This time we take a look at the song “Roxanne” by The Police. This song was written by Sting in 1978 for their debut album “Outlandos d’Amour.” This was the first single and it helped make The Police a household name. You can hear Sting accidentally sit on a Piano and laugh in the very beginning. With only two main sections to learn, this is a very easy song to play.
Continue reading “How to play Roxanne by The Police”
This time, we are going to take a look at the song “Gimme Shelter,” by The Rolling Stones. It was written by Mick Jagger and Keith Richards for the 1969 record “Let It Bleed” and it is the opening song on that record. This song features an Open Tuning on the Guitar, meaning that the strings are tuned to an open chord, instead of the standard tuning.
Continue reading “How to play Gimme Shelter by the Rolling Stones”
This time, we are going to have a look at the song “You Shook Me All Night Long,” from the Australian Rock & Roll band AC/DC. This song was released in 1980 for the album “Back In Black” and as their first single, which featured Brian Johnson as lead singer, replacing Bon Scott, who had passed away earlier. This is a very well known song that is pretty straightforward and easy to play, making it great for beginners.
Continue reading “How to play You Shook Me All Night Long by AC/DC”
This time we are taking a look at the song Sunshine Of Your Love, by Cream. This song was released in 1967 and was written by the bass player Jack Bruce after seeing a Jimi Hendrix concert and there were later contributions by Eric Clapton and Pete Brown. This song features a noticeable distortion on the bass, more likely to have been created by having pushed his Marshall amp too hard rather than by using a Fuzz pedal, though several types were available.
Continue reading “Sunshine Of Your Love by Cream – How to Play”
This time, we are going to learn how to play Evil Ways, as performed by Santana on their self-titled debut album in 1969. The song was written by Clarence Henry and was originally recorded by Willy Bobo in 1967. It has been said that Carlos Santana detuned his guitar one whole step to play the chords in an open position for the recording.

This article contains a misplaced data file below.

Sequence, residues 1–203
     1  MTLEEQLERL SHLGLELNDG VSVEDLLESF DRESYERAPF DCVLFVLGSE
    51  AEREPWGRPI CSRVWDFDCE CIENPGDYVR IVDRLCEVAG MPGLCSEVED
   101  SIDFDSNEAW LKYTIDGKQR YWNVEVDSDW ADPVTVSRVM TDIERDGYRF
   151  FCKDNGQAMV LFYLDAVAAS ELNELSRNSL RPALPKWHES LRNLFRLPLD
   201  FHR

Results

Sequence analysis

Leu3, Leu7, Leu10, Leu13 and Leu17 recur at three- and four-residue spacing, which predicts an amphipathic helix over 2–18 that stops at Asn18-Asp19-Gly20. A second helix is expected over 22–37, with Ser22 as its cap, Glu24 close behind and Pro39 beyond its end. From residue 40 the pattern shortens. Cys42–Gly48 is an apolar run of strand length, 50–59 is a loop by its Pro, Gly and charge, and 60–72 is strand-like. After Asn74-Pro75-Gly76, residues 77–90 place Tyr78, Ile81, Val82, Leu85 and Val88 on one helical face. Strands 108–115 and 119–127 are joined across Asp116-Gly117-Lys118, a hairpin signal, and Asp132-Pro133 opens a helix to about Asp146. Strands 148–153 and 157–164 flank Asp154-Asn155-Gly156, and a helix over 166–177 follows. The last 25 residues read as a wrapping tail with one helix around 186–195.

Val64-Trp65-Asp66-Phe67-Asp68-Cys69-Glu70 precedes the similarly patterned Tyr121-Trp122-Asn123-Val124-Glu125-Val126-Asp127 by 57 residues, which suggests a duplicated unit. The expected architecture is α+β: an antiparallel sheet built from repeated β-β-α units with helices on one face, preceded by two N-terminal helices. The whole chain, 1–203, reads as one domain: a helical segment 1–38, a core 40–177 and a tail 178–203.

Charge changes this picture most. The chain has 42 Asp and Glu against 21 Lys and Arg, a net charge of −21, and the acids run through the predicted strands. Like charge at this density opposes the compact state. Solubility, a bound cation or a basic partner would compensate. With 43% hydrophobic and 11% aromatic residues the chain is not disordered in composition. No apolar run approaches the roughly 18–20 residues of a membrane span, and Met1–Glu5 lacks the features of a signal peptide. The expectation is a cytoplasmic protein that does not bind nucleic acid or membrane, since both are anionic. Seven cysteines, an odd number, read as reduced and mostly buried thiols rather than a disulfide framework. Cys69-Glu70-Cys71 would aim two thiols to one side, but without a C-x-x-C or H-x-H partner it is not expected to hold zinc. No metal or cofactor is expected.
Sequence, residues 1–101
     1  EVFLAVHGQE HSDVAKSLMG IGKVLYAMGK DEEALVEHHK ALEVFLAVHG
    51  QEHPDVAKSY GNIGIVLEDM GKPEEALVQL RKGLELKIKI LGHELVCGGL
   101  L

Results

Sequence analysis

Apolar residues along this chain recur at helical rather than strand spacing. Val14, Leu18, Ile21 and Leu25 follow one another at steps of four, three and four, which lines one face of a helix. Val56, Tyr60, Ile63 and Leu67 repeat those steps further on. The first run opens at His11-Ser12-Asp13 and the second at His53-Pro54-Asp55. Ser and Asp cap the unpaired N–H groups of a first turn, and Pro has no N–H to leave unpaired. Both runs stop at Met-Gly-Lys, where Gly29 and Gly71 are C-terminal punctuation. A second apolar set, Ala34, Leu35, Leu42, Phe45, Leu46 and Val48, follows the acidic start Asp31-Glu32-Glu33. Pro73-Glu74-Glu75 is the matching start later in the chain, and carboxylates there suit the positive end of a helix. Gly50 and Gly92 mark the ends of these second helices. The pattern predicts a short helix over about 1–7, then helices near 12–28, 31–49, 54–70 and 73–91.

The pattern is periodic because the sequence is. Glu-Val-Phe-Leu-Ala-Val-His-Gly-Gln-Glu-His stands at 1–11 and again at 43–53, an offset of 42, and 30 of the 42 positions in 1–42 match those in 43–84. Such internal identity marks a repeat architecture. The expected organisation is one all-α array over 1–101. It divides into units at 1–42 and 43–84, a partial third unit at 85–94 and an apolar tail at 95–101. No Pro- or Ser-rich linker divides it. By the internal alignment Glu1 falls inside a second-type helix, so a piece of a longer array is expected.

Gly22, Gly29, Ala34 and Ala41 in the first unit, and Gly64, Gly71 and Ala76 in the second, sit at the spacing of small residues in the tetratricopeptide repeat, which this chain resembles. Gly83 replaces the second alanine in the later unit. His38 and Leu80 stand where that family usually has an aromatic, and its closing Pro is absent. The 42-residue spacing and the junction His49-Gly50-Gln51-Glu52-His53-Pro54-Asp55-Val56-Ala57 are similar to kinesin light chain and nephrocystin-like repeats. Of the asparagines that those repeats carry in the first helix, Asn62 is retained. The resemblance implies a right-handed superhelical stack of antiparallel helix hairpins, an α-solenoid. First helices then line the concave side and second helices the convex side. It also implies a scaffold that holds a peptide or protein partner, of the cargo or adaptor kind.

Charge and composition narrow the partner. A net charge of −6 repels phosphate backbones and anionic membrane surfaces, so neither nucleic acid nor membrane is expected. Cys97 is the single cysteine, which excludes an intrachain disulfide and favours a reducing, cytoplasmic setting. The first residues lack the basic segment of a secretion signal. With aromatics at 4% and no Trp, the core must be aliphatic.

Continue reading “Evil Ways by Santana – How to Play”
Now we are going to take a look at, and try to learn how to play, a song called Black Magic Woman, as performed by Carlos Santana in 1970 for the record Abraxas. The song was originally written by Peter Green in 1968 for his band at the time, Fleetwood Mac. The Santana version also blends in a song from 1966 called Gypsy Queen, by Gabor Szabo which adds much of the polyphony rhythm to the song. Black Magic Woman is one of Santana’s most popular songs.
Continue reading “Black Magic Woman by Santana – How to Play”
Under My Thumb was written by Mick Jagger and Keith Richards for the 1966 record Aftermath. This record was the first to be recorded in the United States and is notable for the instruments not usually associated with the Rolling Stones, such as the Marimba. BIll Wyman uses (most likely) a Maestro Fuzz pedal on the Bass guitar for this song.
Continue reading “Under My Thumb by The Rolling Stones – How to Play”
This time we are going to look at the song Layla, by Derek and the Dominoes. Released in 1970, Layla was written by Eric Clapton and Jim Gordon separately, with Clapton composing the guitar heavy first half, followed by Gordon’s composition of the piano heavy second half. Duane Allman is also featured in this song, playing slide guitar. The final recording of Layla was sped up a small amount, so if you try to play along with the recording your guitar will be (almost but not quite) ½ step flat.
Continue reading “Layla, by Derek and The Dominos – How to Play”
Purple Haze was written by Jimi Hendrix in 1967 for the record “Are You Experienced.” This was the first single by The Jimi Hendrix Experience that was written by the band. An earlier single titled “Hey Joe” was (possibly) written by Billy Roberts, but Purple Haze became an instant hit and introduced the world to Jimi’s amazing playing, inventiveness, and psychedelic imagery. We can hear Jimi’s Fuzz Face and Octavia pedals in this song, in addition to tricks such as the way he recorded some of his guitar at a slower speed so that when he played it back at normal speed it produced very high notes not otherwise possible on the guitar.
Continue reading “Purple Haze by Jimi Hendrix – How to Play”
This time, we are going to look at the song Voodoo Child (Slight Return), by Jimi Hendrix. Voodoo Child was recorded in 1968 for the record Electric Ladyland and it has become one of his most popular songs. Voodoo Child (Slight Return) is a modified version of Voodoo Chile, a 15-minute song Jimi Hendrix recorded the night before Voodoo Child (Slight Return). Both songs are said to have evolved from the song Catfish Blues, which Jimi played regularly, to honor Muddy Waters.
Key And Scale
E Minor Aeolian is used for the bulk of the song. E Minor Aeolian is a mode of the G Major scale and it is one from which both the Pentatonic and the Blues scales are created. Jimi uses the Blues scale for all of his playing in this song.
E Minor Aeolian = E, F# ,G, A, B, C, D,
G Major = G, A, B, C, D, E, F#, G
E Minor Pentatonic = E, G, A, B, D
E Minor Blues = E, G, A, A#, B, D
Continue reading “Voodoo Child by Jimi Hendrix – How to Play”